G20 leaders endorse sweeping reform of IMF

2010-11-12 14:53

Seoul – G20 leaders Friday gave their backing to sweeping reforms designed to give emerging economies such as China a bigger say in the International Monetary Fund.

The leaders of advanced and emerging economies announced that they were delivering “a modernised IMF that better reflects the changes in the world economy through greater representation of dynamic emerging markets and developing countries”.

The reforms would enhance its “legitimacy, credibility and effectiveness, making it an even stronger institution for promoting global financial stability and growth”, the G20 leaders said in a summit declaration in Seoul.

The IMF’s executive board had agreed to the changes – described as “historic” by managing director Dominique Strauss-Kahn – at its own meeting last week.

They create “the biggest-ever shift of influence in favour of emerging market and developing countries”, Strauss-Kahn said then.

The fund, formed after World War II to remake the world financial system and prevent a 1930s-style Depression, has long been dominated by Western powers but has faced growing calls to adapt.

The deal to reform its 24-member board of governors was thrashed out by G20 ministers last month ahead of this week’s summit.

Europe has agreed to give up two seats. Just over five percent of voting rights will be transferred, and Brazil, Russia, India and China will all be among the top 10 IMF shareholders.

China will move up to the third-largest shareholder, from sixth place.

The total size of the quotas – the contributions of the 187 member states to the fund’s capital – will be doubled, to 756 billion dollars.

G20 leaders, as part of efforts to rebalance the world economy, also tasked the IMF with advising on proposed “indicative guidelines” to help identify large current account imbalances that require corrective action.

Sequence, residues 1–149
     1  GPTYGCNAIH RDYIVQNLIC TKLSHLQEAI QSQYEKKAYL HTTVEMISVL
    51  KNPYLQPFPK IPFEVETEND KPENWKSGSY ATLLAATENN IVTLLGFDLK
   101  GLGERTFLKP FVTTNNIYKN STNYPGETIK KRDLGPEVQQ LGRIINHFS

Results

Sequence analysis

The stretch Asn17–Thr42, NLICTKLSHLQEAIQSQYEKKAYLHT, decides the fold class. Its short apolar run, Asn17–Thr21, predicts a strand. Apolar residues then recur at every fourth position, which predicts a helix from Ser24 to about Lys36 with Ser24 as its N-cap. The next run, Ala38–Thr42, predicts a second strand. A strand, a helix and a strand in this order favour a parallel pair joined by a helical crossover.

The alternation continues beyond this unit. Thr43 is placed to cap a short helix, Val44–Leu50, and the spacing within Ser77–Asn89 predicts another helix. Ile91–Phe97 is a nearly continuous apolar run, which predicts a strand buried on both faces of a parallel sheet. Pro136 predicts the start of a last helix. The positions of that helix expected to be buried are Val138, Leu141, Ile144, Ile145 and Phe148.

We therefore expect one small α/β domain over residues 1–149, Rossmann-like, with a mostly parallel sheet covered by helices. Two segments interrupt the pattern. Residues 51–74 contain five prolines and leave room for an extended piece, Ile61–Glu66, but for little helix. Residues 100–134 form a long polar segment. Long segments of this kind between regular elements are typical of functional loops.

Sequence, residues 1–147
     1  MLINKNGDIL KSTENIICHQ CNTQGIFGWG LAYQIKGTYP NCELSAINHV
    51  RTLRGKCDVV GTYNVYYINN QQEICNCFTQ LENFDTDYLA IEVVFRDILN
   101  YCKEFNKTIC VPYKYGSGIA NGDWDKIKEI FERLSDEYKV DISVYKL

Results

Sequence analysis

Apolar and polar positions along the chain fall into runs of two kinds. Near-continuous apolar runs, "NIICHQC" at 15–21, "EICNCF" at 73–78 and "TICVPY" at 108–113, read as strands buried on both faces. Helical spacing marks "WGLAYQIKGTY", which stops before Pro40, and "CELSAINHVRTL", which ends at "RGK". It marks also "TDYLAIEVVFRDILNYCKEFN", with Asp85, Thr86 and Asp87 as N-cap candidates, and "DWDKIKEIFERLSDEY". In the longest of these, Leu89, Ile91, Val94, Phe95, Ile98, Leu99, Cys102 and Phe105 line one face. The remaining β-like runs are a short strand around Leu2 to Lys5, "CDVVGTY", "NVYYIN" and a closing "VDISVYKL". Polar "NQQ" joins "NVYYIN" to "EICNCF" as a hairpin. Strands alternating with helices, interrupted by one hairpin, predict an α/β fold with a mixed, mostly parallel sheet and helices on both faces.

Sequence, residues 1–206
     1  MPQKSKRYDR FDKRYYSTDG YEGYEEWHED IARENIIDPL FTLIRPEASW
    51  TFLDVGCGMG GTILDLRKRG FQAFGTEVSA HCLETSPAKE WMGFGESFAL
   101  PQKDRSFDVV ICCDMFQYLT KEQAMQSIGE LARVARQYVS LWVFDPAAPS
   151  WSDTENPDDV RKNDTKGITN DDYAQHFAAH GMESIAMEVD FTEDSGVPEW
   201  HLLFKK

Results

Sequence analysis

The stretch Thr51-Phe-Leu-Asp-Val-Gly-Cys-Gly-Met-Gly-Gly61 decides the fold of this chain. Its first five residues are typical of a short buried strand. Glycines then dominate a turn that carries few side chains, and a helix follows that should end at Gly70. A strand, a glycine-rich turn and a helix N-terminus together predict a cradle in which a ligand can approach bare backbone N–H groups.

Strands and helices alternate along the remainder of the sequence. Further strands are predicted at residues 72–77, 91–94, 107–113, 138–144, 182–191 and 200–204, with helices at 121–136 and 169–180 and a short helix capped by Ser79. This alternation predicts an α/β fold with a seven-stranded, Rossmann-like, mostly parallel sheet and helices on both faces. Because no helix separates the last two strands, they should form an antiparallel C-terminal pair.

“We will not have any way to force countries to implement our guidelines,” Strauss-Kahn told reporters Friday in Seoul.

“We have no police, no army. The strength of the IMF relies on the strength of the truth. The IMF is not going to be the dictator of the world economy.”

Upon his arrival at the IMF in 2007, Strauss-Kahn made quota redistribution a top priority, to resolve a long and bitter battle by emerging-markets and developing countries to wrest greater power.

When a previous quota reform plan was officially adopted by member states in April 2008, he hailed it as “the beginning of the new legitimacy of the Fund”.

But that reform has not been enacted due to the lack of a sufficient number of ratifications by member states.

Join the conversation!

24.com encourages commentary submitted via MyNews24. Contributions of 200 words or more will be considered for publication.

We reserve editorial discretion to decide what will be published.
Read our comments policy for guidelines on contributions.

24.com publishes all comments posted on articles provided that they adhere to our Comments Policy. Should you wish to report a comment for editorial review, please do so by clicking the 'Report Comment' button to the right of each comment.

Comment on this story
0 comments
Comments have been closed for this article.

Inside News24

 
/News

Book flights

Compare, Book, Fly

Traffic Alerts
There are new stories on the homepage. Click here to see them.
 
English
Afrikaans
isiZulu

Hello 

Create Profile

Creating your profile will enable you to submit photos and stories to get published on News24.


Please provide a username for your profile page:

This username must be unique, cannot be edited and will be used in the URL to your profile page across the entire 24.com network.

Settings

Location Settings

News24 allows you to edit the display of certain components based on a location. If you wish to personalise the page based on your preferences, please select a location for each component and click "Submit" in order for the changes to take affect.




Facebook Sign-In

Hi News addict,

Join the News24 Community to be involved in breaking the news.

Log in with Facebook to comment and personalise news, weather and listings.